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Cylinder Hone

Practical Engine Building

Relevant Module: Worked Examples > Mitsubishi 4G63 > Step 4: Block Preparation

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Discussion and questions related to the course Practical Engine Building

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Hallo, just have a question, bought a hone three leg stone tool for drill, for hone a cylinders, just wona knew a right manual how to use it ? And do you recommended to use it ?

For how long time should i hone each cylinder ?

Should i use a engine oil or some kind of special lubricants or maybe WD40 ?

Just need more complete information and instruction how to use it in the right way

Thank you

I would not recommend using it at all (especially on 4 cycle engine) as it's not going to achive the goal of getting proper hone applied. There are so many things that might go wrong with that device... Just to name a few of them:

1) The stones are ok only for very narrow distance within only 4 mm range. For example of you hone 56 mm bore the stones will get certain pattern which is not ok for 61 mm bore and larger...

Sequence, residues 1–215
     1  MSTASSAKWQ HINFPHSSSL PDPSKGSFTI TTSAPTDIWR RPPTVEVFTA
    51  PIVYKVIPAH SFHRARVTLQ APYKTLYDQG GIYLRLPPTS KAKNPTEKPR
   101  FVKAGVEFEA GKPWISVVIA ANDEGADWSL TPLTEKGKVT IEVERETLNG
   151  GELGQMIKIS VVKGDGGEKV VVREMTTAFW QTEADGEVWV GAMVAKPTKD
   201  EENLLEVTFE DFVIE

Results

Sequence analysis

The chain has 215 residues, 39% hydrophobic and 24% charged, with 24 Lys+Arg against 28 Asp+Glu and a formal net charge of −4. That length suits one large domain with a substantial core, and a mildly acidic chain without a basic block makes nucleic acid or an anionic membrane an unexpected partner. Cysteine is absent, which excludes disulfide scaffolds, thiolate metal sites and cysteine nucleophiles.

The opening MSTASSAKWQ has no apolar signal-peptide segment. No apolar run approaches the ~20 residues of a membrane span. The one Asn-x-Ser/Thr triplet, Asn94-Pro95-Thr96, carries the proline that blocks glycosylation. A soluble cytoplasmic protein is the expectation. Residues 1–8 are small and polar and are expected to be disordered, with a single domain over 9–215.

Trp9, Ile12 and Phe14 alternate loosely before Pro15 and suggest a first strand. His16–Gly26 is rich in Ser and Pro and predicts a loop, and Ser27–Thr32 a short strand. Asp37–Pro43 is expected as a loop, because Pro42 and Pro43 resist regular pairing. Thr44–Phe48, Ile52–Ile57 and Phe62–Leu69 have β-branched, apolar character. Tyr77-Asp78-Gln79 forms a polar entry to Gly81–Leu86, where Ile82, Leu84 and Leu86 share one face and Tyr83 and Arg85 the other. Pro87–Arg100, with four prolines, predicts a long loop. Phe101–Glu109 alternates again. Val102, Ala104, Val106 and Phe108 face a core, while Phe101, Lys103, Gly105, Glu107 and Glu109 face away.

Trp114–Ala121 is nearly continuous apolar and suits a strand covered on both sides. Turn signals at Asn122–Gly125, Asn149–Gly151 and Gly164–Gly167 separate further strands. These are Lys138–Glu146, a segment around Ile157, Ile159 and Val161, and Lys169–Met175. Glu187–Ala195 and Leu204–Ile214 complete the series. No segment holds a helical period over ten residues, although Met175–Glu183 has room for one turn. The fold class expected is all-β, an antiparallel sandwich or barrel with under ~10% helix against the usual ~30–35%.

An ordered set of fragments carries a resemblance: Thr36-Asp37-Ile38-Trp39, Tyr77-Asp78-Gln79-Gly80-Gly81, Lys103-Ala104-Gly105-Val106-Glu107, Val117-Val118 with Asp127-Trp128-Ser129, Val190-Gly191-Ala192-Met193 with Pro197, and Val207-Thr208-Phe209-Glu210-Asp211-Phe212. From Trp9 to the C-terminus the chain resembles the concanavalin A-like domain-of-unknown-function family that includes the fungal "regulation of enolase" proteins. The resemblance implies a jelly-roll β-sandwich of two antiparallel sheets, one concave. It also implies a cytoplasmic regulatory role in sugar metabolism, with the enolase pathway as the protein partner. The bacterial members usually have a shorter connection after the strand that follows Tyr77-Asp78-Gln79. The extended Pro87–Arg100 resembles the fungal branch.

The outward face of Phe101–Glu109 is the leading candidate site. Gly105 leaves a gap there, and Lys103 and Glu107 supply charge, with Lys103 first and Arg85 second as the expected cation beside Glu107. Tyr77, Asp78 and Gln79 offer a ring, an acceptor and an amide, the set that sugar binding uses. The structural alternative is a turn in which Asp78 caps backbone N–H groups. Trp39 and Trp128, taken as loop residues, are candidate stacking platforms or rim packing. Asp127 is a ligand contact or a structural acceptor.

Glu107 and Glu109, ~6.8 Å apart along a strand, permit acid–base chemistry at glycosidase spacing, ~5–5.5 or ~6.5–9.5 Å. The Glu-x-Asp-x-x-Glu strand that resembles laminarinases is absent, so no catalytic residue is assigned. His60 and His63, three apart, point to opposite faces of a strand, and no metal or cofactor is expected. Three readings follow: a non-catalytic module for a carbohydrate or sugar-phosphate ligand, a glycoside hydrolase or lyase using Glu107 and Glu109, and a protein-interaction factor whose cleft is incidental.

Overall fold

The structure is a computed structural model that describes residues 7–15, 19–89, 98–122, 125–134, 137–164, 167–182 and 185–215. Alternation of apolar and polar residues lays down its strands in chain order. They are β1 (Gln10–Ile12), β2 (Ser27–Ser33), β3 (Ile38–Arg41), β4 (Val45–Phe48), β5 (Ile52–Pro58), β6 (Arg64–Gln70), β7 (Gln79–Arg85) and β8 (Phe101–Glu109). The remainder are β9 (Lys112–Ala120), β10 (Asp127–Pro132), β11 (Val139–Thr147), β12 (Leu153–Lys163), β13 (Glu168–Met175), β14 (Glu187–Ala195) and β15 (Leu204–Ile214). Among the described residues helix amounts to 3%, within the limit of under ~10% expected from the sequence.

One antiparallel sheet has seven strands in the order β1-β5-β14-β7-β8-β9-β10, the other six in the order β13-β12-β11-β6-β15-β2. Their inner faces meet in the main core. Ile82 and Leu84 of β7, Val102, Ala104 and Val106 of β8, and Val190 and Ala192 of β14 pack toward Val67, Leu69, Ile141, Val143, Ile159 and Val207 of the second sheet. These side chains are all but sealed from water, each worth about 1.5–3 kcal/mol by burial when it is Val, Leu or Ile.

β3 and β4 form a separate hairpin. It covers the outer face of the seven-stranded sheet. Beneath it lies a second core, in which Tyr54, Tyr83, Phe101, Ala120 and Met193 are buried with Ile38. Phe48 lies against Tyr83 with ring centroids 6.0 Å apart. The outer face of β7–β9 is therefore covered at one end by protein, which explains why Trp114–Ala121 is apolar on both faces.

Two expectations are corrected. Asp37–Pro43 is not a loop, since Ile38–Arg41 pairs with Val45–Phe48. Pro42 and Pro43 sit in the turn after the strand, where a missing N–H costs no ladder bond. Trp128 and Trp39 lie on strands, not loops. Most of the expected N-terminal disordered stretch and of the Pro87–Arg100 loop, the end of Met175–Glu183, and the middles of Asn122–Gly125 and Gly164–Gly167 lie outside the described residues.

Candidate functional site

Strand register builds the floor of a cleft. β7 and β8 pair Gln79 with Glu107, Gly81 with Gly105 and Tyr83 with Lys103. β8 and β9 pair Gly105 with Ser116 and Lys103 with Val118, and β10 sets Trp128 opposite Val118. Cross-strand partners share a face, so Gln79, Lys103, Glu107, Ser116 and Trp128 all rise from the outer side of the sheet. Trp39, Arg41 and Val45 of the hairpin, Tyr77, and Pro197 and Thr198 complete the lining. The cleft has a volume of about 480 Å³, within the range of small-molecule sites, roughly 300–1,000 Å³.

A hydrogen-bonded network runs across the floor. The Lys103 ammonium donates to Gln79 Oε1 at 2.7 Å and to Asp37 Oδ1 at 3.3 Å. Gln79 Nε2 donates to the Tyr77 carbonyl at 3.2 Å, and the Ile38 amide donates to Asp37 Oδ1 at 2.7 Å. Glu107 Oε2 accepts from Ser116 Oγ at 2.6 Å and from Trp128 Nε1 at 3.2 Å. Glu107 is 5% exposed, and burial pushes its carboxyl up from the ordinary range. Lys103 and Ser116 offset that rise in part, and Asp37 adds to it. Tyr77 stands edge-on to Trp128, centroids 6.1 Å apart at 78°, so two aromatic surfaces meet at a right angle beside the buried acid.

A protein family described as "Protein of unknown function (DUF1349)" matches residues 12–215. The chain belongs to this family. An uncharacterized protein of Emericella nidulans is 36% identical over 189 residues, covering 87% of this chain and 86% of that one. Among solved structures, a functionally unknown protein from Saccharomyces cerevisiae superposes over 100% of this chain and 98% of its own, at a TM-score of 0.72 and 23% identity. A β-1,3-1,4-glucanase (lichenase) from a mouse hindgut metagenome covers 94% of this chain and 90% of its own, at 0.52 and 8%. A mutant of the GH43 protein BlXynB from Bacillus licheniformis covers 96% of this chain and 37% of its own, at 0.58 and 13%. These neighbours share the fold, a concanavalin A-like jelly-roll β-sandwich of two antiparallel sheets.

2) you cannot properly controll the pressure appled to the cylinder walls. The accuracy is always approximately whilst you need exact depth of hone to be achieved which is a gamble with unknown pressure which can easily result in excessive oil consumption.

3) you need very accurate bore job to be done if you want to use three legs thing and yet it's still very easy to screw the final bore uneven.

I can go on and on...

The bottom line is that the thing can be used for 2 cycle engines where oil consumption is not that critical... I personally would not use it if it was my own engine or the goal was to get it right.

Is this for an engine and, if so, what?

As Shota said, it's a BAD idea, and for many more reasons than he mentioned. If you can, take it back and have the bores de-glazed and de-ridged by a competent machine shop - I assume it's for a re-ring?

If you're just looking for a quick and nasty job, like an old lawnmower, perhaps, or when it's cleaning up a hydraulic bore with a flexible "O" ring - maybe, but for a vehicle it's just not up to the job - I'd even take a "dingle-berry" hone over it.

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